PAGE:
Interestingly, the researchers found that there was no difference in looking time between the two versions of the images (stars vs. no stars). However, participants who had the accompanying text that provides information on the image not only looked significantly longer at the image, but rated it as more attractive.

As astronauts are often advanced scientists and engineers, their experiences reflecting on the Earth might be contextually rich (e.g. they may be thinking on the advanced processes in our magnetic field, the structure of the atmospheric layers, our “goldilocks” orbit around the sun). This, combined with the sense of vastness the earth provides orbiting in a black sky, and perhaps some personality traits may all play a role in this effect.

But we don’t really know. Not only are previous astronauts an extremely hard sample to recruit, but one cannot truly experience the overview effect unless they are orbiting the Earth. Of course we can try to pinpoint the mechanisms of awe using images of space here on earth to conduct good research, but when it comes to applying this work to the overview effect, we might only be left to speculate.

As Sam Durrance (NASA Astronaut) said:

“You’ve seen pictures and you’ve heard people talk about it. But nothing can prepare you for what it actually looks like. The Earth is dramatically beautiful when you see it from orbit, more beautiful than any picture you’ve ever seen. It’s an emotional experience because you’re removed from the Earth but at the same time you feel this incredible connection to the Earth like nothing I’d ever felt before”  (cited in Redfern, 1996, p. 1).

If you are interested in learning more about the overview effect, check out the 20 minute documentary of the Overview Effect by clicking here!



Hassard, J., & Weisberg, J. (1999). Environmental science on the Net: The global thinking project. Parsippany, NY: Good Year Books.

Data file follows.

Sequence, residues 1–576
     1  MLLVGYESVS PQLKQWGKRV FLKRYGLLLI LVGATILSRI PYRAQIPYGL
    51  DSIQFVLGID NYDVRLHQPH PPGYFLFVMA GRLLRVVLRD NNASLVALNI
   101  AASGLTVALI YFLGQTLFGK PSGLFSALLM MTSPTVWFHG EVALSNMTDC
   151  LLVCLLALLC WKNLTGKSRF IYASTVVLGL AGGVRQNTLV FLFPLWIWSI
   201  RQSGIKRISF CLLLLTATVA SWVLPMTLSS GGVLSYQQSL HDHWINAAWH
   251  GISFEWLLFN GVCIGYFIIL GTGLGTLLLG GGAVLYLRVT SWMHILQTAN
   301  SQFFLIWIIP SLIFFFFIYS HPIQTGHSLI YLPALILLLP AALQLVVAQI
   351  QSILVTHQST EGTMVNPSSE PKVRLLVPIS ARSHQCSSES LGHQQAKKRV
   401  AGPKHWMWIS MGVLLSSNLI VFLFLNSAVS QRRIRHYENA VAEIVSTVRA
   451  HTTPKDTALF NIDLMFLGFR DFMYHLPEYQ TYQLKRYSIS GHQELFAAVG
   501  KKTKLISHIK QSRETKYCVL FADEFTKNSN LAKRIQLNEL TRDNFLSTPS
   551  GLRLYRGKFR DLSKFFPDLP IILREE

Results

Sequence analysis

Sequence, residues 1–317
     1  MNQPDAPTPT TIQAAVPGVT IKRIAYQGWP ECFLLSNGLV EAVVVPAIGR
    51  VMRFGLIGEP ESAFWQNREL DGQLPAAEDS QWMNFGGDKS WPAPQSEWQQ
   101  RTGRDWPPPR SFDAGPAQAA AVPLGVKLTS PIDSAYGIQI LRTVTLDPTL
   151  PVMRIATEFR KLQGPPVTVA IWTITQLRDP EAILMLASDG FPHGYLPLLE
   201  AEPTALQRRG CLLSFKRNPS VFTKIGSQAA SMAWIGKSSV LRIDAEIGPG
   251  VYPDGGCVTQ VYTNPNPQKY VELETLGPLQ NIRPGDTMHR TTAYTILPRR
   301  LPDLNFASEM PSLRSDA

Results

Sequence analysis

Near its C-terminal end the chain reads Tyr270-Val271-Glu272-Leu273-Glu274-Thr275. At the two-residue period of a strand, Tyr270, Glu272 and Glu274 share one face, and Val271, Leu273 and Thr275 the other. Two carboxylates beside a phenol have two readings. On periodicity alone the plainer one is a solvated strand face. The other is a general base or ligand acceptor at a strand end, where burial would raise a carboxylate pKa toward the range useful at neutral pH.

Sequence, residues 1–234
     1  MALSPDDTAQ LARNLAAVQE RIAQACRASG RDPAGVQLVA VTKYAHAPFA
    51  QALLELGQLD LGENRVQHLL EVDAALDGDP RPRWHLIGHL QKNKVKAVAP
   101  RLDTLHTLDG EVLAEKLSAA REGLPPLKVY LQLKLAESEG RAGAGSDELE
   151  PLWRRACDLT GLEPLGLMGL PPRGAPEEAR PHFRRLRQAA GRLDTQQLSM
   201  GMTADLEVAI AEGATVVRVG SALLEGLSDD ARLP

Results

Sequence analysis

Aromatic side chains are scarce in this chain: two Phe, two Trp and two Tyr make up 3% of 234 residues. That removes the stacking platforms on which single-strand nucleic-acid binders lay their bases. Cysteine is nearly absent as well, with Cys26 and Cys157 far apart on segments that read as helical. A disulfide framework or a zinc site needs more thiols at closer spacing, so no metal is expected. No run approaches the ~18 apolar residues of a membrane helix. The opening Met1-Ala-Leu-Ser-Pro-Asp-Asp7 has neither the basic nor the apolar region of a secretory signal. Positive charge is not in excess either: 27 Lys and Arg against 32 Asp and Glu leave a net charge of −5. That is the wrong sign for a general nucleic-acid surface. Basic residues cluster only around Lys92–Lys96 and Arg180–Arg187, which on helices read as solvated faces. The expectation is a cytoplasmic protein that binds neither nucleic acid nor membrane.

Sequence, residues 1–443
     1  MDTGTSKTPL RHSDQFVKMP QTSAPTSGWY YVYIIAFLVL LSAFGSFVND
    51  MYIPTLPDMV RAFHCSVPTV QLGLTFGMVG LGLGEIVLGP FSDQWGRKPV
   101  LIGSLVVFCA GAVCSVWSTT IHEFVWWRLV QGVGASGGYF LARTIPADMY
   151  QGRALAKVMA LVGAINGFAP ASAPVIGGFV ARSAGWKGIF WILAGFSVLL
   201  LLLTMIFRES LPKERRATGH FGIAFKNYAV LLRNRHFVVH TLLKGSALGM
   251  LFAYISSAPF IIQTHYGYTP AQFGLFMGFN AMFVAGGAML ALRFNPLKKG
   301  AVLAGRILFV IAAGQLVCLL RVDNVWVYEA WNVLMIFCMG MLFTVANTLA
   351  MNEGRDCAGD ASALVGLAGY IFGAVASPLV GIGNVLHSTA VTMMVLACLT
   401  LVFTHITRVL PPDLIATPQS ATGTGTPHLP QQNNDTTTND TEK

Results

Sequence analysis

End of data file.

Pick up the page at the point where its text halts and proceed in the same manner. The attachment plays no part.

Nardo, D. (2014). The blue marble: How a photograph revealed earth’s fragile beauty. Mankato, MN: Compass Point Books.

Redfern, M. (1996, April 21). Science: A new view of home. Independent. Retrieved from

Robinson, J. A., Slack, K. J., Olson, V., Trenchard, M. H., Willis, K. J., Baskin, P. J., & Boyd, J. E. (2013). Patterns in crew-initiated photography of earth from the ISS: Is earth observation a salutogenic experience? In D. A. Vakoch (Ed.), On orbit and beyond: Psychological Perspectives on Human Spaceflight (pp. 51–68). Berlin, Germany: Springer-Verlag.

Silvia, P. J., Fayn, K., Nusbaum, E. C., & Beaty, R. E. (2015). Openness to experience and awe in response to nature and music: Personality and profound aesthetic experiences. Psychology of Aesthetics, Creativity, and the Arts, 9(4), 376-384. Retrieved from

Smith, L. F., Jeffrey, K. S., Kimberly, K. A., Randall, K. S., Jay, B., & Kelly, K. (2011). Aesthetics and astronomy: Studying the public’s perception and understanding of imagery from space. Science Communication, 33, 2, 201-238.

White, F. (1987). The overview effect: Space exploration and human evolution. Boston: Houghton Mifflin.

Yaden, D. B., Iwry, J., Slack, K. J., Eichstaedt, J. C., Zhao, Y., Vaillant, G. E., & Newberg, A. B. (2016). The overview effect: Awe and self-transcendent experience in space flight. Psychology of Consciousness: Theory, Research, and Practice, 3, 1, 1-11.